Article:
"While white-nose syndrome hasn’t been detected on Newfoundland; both species of bats that are known residents of the island are at risk."
If a bat calls in the forest, Dr. Erin Fraser wants to hear it.
Bats are an important part of a healthy ecosystem. In Canada, many species of these long-lived animals hibernate in caves and mines during the winter and consume large amounts of insects during the summer. Many bat species in eastern North America are experiencing catastrophic population declines as a result of white-nose syndrome, a pathogen caused by an invasive fungus that infects bats during hibernation. The disease has been spreading quickly in recent years and while white-nose syndrome hasn’t been detected on Newfoundland; both species of bats that are known residents of the island are at risk.
Bats in Newfoundland have received comparatively little study; Dr. Fraser is working with ecologists Dr. Darroch Whitaker and Janet Feltham at Gros Morne and Terra Nova National Parks to better understand the status, population dynamics and distribution of bats in both parks. They also aim to identify the best approach for effectively monitoring park bats in the future.
Bats can be difficult to capture and observe. One useful method for learning about their activity is acoustic monitoring. Bats use echolocation to navigate in the dark, producing calls and using the echoes of those calls to learn about their environment.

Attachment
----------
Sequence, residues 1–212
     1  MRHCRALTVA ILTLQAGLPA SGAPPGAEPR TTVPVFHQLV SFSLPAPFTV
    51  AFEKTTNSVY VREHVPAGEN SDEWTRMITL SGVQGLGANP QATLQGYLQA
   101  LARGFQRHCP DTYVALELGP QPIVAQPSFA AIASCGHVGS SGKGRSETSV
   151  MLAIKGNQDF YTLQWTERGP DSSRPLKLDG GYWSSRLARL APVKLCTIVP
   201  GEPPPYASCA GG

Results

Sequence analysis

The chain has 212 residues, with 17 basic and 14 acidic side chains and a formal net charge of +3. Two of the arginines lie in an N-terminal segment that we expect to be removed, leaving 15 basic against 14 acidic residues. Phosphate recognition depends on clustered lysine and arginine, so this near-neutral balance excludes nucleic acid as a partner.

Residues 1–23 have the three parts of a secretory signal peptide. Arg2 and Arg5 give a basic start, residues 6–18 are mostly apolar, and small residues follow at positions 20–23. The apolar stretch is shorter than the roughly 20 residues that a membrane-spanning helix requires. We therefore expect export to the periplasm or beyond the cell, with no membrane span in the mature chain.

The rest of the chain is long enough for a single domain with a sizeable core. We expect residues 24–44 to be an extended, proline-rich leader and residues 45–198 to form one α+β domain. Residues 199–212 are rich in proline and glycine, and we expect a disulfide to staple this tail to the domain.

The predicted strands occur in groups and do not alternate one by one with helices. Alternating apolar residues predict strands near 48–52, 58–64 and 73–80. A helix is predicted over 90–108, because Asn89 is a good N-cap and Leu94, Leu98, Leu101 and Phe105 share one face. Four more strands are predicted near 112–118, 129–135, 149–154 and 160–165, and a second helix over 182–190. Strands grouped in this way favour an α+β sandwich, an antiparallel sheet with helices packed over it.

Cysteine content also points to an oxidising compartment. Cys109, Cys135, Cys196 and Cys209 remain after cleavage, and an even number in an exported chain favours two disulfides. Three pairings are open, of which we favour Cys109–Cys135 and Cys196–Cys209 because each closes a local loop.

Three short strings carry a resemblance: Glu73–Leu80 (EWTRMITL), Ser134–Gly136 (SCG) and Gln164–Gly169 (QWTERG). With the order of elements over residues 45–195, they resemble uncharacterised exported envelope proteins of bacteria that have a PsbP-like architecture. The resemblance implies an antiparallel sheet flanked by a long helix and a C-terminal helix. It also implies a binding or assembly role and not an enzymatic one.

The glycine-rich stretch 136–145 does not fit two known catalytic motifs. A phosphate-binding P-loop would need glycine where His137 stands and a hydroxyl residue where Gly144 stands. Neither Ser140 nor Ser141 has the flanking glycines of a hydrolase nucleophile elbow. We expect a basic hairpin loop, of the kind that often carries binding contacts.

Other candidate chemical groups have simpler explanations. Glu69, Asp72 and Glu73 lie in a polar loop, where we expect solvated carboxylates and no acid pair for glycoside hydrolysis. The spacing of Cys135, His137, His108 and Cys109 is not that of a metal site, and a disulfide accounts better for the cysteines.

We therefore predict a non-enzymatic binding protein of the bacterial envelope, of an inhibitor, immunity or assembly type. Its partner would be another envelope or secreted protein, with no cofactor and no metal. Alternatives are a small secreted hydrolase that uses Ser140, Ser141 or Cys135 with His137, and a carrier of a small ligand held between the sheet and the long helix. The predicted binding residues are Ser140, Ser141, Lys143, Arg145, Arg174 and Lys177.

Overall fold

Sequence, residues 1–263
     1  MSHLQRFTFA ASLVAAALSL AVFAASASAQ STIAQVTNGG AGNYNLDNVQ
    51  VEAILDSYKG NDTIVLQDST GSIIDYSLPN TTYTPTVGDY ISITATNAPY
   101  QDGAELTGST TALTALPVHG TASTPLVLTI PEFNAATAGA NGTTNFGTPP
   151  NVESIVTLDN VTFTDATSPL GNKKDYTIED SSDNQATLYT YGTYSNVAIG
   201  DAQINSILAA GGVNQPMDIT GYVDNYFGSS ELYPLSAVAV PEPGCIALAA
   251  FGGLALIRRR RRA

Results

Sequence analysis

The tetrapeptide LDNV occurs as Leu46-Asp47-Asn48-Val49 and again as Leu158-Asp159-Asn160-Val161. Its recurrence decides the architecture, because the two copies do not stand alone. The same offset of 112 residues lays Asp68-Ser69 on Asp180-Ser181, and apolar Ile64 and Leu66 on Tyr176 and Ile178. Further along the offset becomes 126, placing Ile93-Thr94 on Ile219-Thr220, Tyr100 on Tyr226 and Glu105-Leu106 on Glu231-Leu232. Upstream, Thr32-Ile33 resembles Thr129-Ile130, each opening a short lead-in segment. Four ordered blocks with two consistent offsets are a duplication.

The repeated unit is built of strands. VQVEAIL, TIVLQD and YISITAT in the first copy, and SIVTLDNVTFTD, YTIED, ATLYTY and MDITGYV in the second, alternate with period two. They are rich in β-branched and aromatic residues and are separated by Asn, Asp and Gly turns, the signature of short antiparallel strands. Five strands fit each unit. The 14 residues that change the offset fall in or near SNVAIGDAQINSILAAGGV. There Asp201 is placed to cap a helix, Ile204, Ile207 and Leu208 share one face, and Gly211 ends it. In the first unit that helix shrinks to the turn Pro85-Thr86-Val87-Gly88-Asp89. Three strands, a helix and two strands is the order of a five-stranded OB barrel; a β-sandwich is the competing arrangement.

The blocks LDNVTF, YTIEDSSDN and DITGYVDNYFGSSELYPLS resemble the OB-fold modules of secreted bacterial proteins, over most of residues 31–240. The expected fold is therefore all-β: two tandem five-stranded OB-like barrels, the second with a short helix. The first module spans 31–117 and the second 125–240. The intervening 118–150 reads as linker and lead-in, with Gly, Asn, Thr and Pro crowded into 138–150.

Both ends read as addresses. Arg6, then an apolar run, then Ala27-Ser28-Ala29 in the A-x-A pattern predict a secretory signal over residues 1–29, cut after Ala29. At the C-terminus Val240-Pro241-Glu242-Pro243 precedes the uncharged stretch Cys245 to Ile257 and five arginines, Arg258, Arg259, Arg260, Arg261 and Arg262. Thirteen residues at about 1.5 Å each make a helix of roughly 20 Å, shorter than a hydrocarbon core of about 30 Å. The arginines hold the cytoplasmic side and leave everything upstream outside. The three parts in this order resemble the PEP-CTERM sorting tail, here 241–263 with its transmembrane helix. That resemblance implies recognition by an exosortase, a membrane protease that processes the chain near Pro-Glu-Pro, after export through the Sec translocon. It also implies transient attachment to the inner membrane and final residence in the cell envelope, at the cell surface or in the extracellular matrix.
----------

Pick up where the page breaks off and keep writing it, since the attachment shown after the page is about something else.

Specialized bat detectors can be set up and left outside for weeks at a time, recording the high frequency echolocation calls of local bats. Later, researchers can use these recordings to learn about the species of bats that are present, as well as the importance of different habitats for bats at different times of the year.
The national parks have purchased 12 bat detectors and park resource conservation technicians have been working hard to collect recordings of local bats. In the summer of 2014, Tara Gadoua, a student in Grenfell’s sustainable resource management program, completed a summer residency at the Bonne Bay Marine Station in Norris Point. During her residency, she worked with park staff to collect short-term acoustic monitoring data for inclusion in the pilot season of an international bat monitoring project. Currently, Grenfell student Nicole Shanahan is analyzing additional recordings from the parks for her honours thesis in environmental science (biology).
Acknowledgement: Dr. M.B. Fenton